Sony has lost its five year legal battle to have the PlayStation 2 classified as a computer rather than a games console after the Court of Appeal ruled against the company.
As a result, Sony will not be entitled to the estimated GBP 34.2 million (50 million Euro) rebate for import duties that would have been payable had the court determined that the PS2 is a "digital processing unit".
Although games consoles are no longer subject to EU import charges, they were between 2001 and 2004 - while computers have always been exempt.
The appeal was dismissed by Lord Justice Chadwick, who denied Sony the right to take the case to the European Court of Justice.
In his ruling, the judge also took the opportunity to criticise Sony's lawyers for producing a skeleton argument which "goes beyond what can be regarded as acceptable written advocacy" and "exceeds the bounds of propriety."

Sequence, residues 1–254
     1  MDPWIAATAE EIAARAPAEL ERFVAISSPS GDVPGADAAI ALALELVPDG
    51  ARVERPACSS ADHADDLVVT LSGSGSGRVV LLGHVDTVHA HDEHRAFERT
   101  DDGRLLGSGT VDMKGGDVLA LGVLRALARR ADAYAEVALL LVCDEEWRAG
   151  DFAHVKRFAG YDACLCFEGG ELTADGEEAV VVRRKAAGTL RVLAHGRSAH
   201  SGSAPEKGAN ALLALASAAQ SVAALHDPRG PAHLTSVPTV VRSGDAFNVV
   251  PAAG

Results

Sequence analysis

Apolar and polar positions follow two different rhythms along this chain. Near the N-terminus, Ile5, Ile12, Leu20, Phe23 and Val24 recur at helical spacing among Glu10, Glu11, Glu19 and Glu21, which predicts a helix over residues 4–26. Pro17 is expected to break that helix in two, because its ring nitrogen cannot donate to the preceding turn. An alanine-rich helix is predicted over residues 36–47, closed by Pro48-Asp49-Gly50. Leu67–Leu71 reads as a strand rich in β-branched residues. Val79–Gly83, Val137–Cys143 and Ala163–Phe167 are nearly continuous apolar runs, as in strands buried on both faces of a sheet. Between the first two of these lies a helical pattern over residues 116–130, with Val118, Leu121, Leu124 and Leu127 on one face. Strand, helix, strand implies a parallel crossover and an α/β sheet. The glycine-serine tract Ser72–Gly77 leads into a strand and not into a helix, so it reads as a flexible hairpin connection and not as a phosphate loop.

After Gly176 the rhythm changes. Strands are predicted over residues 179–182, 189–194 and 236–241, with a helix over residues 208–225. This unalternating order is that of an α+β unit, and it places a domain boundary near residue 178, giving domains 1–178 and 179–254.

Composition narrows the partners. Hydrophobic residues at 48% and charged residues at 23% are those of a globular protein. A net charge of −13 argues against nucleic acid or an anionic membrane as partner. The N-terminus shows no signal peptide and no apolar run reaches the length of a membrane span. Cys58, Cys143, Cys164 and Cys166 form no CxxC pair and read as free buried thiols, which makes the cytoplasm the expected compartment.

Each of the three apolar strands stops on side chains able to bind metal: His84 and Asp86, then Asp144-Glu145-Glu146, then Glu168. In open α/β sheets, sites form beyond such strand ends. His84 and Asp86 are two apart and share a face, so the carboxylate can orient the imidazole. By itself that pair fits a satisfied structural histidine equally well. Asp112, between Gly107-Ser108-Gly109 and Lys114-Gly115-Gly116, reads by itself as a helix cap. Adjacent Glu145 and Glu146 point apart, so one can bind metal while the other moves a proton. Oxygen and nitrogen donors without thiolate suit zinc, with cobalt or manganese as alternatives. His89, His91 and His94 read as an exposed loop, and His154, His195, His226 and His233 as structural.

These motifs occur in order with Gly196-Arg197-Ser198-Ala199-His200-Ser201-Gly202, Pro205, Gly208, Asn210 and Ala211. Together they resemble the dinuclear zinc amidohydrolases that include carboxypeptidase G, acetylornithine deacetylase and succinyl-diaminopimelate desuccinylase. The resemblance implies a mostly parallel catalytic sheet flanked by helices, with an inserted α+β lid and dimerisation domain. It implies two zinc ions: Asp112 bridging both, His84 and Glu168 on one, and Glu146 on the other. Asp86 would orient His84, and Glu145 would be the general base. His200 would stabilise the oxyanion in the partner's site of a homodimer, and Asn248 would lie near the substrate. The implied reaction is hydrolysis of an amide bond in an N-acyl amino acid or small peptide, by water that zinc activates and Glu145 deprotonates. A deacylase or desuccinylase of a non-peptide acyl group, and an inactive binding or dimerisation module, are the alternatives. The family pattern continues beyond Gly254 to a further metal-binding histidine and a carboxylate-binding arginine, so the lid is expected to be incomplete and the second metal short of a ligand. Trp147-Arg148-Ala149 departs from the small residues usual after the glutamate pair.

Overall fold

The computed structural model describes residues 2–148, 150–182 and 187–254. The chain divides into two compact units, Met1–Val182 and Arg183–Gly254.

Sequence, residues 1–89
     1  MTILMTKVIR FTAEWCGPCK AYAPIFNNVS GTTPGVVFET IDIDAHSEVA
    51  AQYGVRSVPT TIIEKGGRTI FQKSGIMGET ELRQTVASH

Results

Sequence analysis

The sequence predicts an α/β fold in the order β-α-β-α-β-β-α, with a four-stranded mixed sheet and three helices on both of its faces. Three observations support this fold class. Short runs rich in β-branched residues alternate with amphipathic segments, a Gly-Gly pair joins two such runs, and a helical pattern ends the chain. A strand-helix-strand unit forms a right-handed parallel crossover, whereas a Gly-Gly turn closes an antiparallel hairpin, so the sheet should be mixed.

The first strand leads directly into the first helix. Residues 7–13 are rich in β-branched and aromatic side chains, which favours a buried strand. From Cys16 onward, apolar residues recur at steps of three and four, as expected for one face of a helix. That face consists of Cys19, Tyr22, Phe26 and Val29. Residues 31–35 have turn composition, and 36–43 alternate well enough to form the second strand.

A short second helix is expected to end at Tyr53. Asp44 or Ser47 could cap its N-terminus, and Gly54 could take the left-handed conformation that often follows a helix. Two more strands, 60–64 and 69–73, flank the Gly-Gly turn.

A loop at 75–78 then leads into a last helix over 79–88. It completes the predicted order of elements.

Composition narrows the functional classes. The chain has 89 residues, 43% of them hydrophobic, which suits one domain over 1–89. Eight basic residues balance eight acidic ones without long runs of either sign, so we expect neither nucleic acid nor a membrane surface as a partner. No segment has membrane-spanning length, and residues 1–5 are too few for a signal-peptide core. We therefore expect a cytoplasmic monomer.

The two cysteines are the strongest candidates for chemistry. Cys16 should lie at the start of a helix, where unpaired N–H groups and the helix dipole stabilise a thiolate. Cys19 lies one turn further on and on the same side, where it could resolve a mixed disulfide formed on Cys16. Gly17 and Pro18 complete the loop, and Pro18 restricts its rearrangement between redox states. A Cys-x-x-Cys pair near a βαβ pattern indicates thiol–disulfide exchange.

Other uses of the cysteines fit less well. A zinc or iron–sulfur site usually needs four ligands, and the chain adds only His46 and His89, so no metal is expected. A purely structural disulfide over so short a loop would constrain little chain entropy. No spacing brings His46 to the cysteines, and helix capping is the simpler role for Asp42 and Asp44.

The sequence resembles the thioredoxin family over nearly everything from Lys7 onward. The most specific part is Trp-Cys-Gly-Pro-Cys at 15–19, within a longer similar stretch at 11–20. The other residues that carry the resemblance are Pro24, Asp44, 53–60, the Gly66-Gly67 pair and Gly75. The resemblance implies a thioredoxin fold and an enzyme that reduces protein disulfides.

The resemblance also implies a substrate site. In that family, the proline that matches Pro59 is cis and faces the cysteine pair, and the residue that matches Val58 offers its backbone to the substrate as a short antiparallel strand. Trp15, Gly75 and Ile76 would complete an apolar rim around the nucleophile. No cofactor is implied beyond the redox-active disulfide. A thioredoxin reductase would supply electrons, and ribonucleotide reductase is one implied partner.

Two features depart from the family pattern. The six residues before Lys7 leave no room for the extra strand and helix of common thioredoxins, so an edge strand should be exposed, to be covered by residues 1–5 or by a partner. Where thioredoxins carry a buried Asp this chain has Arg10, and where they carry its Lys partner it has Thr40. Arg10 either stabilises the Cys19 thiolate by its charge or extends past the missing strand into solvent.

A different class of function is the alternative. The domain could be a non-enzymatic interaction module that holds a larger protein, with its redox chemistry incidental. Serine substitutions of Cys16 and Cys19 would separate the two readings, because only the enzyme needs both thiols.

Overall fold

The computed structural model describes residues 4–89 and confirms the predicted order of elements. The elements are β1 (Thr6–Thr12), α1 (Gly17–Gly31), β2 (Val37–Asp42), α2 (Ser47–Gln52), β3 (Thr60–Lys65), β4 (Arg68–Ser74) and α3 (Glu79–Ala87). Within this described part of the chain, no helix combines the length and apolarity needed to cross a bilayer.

"I am not here protesting about its inordinate length, nor about its discursive quality, nor about its frequent and unnecessary resort to hyperbole; although all those unappealing features are present," the judge continued.
"My concern is with the repeated aspersions that are cast in that document on the intellectual honesty of the High Court Judge from whose decision this appeal is brought... Fearless advocacy is one thing; intemperate advocacy is another."